This time, it is not just a slight tremor; the plane is violently shaken about like it is nothing. Even for me, someone who spends more time in the air in one year than most do in their entire lives, this is a bit much. Andrea wakes with a startled cry…and it all just keeps coming. The violent tremors. The voice of the captain, who does not sound quite as convincing as he should. The noise of passengers, their fear is now apparent. The rattling of the overhead baggage compartments.
My assistant, my Andrea, well, her arms are awkwardly wrapped around me, hands grabbing fistfuls of my shirt. She asks me to make this stop and I have never felt so helpless. Thinking that I am responsible for Andrea and actually being responsible are turning out to be two different things. I never considered that there would be limits to my abilities because, usually, there are none. In this plane, however, I am quite limited.
All this turbulence has probably encompassed only a single minute of time. But good Lord, what a long minute. My mouth is open now and I seem ready for words. Any words will do. I hold her tighter with each one, apologizing for my lack of power in this situation.
Before I can finish, we fall.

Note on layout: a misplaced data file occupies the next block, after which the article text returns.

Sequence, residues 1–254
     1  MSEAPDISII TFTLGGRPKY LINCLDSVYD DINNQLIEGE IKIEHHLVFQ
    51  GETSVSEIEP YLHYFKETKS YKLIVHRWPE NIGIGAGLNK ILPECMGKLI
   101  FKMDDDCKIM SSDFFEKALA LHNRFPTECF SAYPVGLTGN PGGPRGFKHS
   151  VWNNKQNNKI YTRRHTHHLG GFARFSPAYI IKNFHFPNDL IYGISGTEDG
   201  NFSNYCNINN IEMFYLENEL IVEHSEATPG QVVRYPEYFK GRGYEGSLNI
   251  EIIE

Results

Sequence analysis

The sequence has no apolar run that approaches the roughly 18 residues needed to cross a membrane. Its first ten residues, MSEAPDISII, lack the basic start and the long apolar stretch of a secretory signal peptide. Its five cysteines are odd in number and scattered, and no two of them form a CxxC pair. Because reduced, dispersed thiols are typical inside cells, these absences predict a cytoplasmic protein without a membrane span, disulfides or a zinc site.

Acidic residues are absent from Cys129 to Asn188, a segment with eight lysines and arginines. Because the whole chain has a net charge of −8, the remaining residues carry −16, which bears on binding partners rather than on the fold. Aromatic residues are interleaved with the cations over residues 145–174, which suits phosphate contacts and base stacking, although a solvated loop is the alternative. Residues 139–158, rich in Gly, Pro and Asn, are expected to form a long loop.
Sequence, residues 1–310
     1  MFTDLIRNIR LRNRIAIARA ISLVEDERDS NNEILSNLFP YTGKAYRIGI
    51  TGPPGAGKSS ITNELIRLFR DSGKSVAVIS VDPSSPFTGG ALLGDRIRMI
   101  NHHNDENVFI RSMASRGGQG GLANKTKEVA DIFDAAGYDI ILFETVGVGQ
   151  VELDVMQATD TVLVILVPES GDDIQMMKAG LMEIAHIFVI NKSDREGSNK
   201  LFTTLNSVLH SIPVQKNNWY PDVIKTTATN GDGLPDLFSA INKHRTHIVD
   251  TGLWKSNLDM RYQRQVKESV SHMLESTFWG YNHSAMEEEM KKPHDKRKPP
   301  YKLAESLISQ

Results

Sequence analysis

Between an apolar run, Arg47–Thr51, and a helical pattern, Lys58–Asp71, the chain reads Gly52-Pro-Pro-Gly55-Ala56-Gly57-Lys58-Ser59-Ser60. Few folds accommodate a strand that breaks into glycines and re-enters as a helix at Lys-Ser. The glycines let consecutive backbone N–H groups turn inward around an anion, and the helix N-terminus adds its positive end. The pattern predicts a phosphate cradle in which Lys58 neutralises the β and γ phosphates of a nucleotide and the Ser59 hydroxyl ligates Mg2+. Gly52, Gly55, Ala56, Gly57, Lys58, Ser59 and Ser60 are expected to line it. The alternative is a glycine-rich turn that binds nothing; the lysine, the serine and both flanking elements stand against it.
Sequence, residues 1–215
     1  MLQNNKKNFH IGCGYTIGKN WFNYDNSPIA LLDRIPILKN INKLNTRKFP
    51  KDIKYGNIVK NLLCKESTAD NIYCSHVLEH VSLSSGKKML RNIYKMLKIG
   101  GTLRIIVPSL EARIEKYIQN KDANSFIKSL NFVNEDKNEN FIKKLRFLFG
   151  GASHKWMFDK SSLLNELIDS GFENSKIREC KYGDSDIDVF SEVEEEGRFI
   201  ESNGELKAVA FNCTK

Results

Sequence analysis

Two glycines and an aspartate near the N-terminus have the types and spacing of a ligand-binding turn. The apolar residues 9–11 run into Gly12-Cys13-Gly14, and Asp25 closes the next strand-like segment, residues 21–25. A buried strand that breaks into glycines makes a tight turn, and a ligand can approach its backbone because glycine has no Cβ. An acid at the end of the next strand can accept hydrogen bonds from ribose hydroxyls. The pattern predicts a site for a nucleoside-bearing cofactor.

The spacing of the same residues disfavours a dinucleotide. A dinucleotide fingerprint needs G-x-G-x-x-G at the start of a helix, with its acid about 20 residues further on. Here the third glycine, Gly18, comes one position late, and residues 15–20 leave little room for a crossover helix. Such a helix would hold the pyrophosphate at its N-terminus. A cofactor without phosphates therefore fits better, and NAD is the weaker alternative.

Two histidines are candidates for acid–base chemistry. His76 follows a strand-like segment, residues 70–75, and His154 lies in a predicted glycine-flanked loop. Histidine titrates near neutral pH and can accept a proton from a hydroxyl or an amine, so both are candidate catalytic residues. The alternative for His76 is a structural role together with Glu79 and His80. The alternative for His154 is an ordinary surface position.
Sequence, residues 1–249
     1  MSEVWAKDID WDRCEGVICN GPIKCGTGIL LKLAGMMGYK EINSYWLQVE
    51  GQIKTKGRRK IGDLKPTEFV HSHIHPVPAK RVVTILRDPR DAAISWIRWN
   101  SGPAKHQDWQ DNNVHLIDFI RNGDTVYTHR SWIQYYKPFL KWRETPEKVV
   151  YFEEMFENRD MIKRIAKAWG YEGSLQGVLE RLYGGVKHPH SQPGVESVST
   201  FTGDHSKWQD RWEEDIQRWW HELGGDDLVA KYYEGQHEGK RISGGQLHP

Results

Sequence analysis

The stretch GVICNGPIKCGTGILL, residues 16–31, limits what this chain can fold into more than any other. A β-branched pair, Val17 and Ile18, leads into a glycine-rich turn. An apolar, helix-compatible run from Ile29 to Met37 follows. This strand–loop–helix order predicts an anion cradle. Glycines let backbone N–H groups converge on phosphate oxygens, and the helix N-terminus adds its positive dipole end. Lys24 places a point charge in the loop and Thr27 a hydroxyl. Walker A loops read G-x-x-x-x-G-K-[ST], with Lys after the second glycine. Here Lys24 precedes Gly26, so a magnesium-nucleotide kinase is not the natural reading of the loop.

In reality it probably isn't by much, but it's enough to teach me how it feels to have my heart reside not in my chest, but in my throat. At least I know for certain now, that I do have a one. I have a heart. For years I've been wondering…
For all the practice of keeping my mouth closed lately, there's no telling what is coming out of it now. There are words from Andrea, too. But I don't know what they are. Everything is so loud in here and she is more or less speaking into my neck. All I can make out is the feeling. They don't feel like harsh, awful words. Whatever they are they feel like truth, like something that will never change. Never mind that Andrea is crying and scared. Even through this, there is something about her that is eternal. She is like all the places that I love the most. Places in various stages of ruin and repair, surviving beautifully, finding a way to continue through life in spite of whatever man or nature have put upon them. Andrea is just that type of person.